When Can the VA Reduce My Disability Rating?
While you may have gotten used to having a specific rating assigned to your disability, it is important to note that the rating is subject to a reduction if it is not considered a permanent and total rating.
Certain criterion has to be met, of course, for the reduction to take place but is wise to be aware of this fact.
Here’s how reductions can be made:
- The claimant is in jail or prison for more than 60 days
- The VA finds there is an improvement in a disability for an unprotected rating, or one that is less than 100% and has been in effect for less than 5 years
- The VA finds “sustained improvement” for a disability that is stabilized, or has been at the same level of 5 years or more
- The VA finds a “material improvement” in a disability that is total, or is at the level of 100%
- The VA finds that a continuous rating, or one that is at or above a certain percentage for more than 20 years, was procured through fraud.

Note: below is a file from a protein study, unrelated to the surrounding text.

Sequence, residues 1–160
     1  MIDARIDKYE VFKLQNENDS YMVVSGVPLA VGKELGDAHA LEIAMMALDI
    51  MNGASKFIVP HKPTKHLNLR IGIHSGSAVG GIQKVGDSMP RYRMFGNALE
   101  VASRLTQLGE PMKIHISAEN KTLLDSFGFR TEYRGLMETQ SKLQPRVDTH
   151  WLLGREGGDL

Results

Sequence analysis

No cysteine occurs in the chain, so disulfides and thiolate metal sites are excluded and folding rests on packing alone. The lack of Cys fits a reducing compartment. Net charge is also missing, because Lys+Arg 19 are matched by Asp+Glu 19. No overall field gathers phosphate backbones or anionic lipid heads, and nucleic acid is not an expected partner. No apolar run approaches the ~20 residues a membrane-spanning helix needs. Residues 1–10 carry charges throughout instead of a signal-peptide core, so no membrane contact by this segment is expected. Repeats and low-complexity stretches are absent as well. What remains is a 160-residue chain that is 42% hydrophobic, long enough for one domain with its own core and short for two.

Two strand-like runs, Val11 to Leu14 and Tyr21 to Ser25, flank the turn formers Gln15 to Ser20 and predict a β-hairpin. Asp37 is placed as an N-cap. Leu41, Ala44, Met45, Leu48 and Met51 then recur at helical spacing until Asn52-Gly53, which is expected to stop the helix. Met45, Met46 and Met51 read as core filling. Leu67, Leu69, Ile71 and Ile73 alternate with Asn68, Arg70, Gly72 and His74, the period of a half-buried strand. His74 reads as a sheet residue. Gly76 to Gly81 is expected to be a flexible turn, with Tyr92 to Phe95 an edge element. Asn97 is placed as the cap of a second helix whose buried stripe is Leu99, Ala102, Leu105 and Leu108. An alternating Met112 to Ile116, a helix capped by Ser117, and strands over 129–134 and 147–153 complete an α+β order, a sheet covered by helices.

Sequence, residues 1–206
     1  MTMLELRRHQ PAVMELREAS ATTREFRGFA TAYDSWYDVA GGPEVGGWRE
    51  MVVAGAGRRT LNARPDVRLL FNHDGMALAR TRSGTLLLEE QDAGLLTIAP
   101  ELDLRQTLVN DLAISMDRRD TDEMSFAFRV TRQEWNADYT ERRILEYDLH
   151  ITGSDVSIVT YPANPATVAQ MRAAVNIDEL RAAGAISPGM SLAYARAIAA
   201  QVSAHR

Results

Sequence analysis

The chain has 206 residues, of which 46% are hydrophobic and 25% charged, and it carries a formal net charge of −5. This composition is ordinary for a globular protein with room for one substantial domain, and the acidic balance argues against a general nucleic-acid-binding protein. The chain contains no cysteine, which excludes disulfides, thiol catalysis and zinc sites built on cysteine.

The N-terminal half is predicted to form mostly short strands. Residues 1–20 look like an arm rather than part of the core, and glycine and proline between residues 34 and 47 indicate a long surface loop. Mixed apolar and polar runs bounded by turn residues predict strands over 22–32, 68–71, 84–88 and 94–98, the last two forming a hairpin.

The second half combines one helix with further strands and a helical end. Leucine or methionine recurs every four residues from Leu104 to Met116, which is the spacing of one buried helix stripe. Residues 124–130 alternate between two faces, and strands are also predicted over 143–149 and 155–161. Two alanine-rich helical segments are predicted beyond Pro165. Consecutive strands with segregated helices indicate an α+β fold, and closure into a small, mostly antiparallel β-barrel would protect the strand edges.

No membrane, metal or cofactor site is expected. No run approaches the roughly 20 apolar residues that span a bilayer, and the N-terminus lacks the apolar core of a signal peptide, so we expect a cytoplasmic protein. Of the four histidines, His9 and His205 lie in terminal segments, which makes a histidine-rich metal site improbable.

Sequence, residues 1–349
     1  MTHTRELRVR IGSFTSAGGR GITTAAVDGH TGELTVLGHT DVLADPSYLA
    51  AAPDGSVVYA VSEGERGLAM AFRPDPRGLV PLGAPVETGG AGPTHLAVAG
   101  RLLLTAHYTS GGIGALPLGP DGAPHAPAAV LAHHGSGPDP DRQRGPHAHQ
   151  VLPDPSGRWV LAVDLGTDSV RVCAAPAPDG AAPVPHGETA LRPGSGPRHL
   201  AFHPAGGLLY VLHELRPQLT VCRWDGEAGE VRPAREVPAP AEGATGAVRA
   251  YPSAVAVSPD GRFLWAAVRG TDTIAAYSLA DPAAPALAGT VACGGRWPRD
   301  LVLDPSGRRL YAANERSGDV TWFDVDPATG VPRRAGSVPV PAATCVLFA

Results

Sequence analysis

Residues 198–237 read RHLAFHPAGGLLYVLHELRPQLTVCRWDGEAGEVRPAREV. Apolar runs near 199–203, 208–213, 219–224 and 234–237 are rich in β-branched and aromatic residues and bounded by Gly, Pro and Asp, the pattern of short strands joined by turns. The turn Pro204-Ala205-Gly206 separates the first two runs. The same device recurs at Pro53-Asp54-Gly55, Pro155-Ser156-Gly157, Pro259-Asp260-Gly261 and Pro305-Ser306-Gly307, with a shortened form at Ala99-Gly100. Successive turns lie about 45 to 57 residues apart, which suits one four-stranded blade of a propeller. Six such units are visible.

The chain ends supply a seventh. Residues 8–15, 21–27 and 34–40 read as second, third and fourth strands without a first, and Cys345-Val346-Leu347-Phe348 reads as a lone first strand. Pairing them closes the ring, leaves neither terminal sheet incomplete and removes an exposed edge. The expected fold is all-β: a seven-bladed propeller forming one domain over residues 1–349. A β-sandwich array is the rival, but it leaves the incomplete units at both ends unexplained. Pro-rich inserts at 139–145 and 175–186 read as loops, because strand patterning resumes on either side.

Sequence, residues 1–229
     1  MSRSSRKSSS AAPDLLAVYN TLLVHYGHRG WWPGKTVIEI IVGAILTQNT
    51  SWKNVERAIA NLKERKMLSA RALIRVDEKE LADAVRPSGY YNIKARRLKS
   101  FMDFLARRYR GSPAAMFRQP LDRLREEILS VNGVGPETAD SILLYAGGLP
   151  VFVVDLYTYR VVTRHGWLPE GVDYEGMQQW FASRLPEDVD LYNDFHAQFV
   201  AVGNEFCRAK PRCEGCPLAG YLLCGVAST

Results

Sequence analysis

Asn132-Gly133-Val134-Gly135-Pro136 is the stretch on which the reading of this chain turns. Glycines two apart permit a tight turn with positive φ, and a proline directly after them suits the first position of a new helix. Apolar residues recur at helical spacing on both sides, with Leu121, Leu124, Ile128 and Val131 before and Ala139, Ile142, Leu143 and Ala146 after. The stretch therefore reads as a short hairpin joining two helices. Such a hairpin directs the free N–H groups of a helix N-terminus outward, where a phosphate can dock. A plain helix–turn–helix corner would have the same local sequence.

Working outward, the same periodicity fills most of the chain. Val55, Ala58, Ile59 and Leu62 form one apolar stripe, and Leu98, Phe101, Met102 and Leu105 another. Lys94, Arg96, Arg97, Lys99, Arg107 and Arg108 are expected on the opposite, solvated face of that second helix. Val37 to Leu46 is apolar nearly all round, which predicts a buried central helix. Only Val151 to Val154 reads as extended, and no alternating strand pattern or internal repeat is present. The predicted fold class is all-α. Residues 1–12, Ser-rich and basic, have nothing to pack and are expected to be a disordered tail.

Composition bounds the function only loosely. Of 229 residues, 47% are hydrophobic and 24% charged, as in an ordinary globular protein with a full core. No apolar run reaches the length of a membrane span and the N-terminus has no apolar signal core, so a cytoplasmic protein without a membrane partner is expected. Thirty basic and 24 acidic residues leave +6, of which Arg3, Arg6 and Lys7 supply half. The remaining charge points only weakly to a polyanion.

The VA may require examinations to see whether your disability is improving. It is important to attend these meetings and to keep detailed records of your medical condition. It may be prudent to keep a medical journal to document how you are feeling.
Should the VA decide to reduce your disability and you disagree with the decision, you will have to have the necessary information to fight your case. If the VA sends you a letter notifying you of a possible reduction, you will be asked to attend a re-examination appointment that you should not miss.
You will also want to contact an experienced attorney who can fight for your rights.
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Attorney David Magann is a Marine Corps Veteran with a Criminology Degree from The University of South Florida and a Law Degree from The University of Miami. He will be your advocate working to get the benefits you have earned under the Department of Veterans Affairs.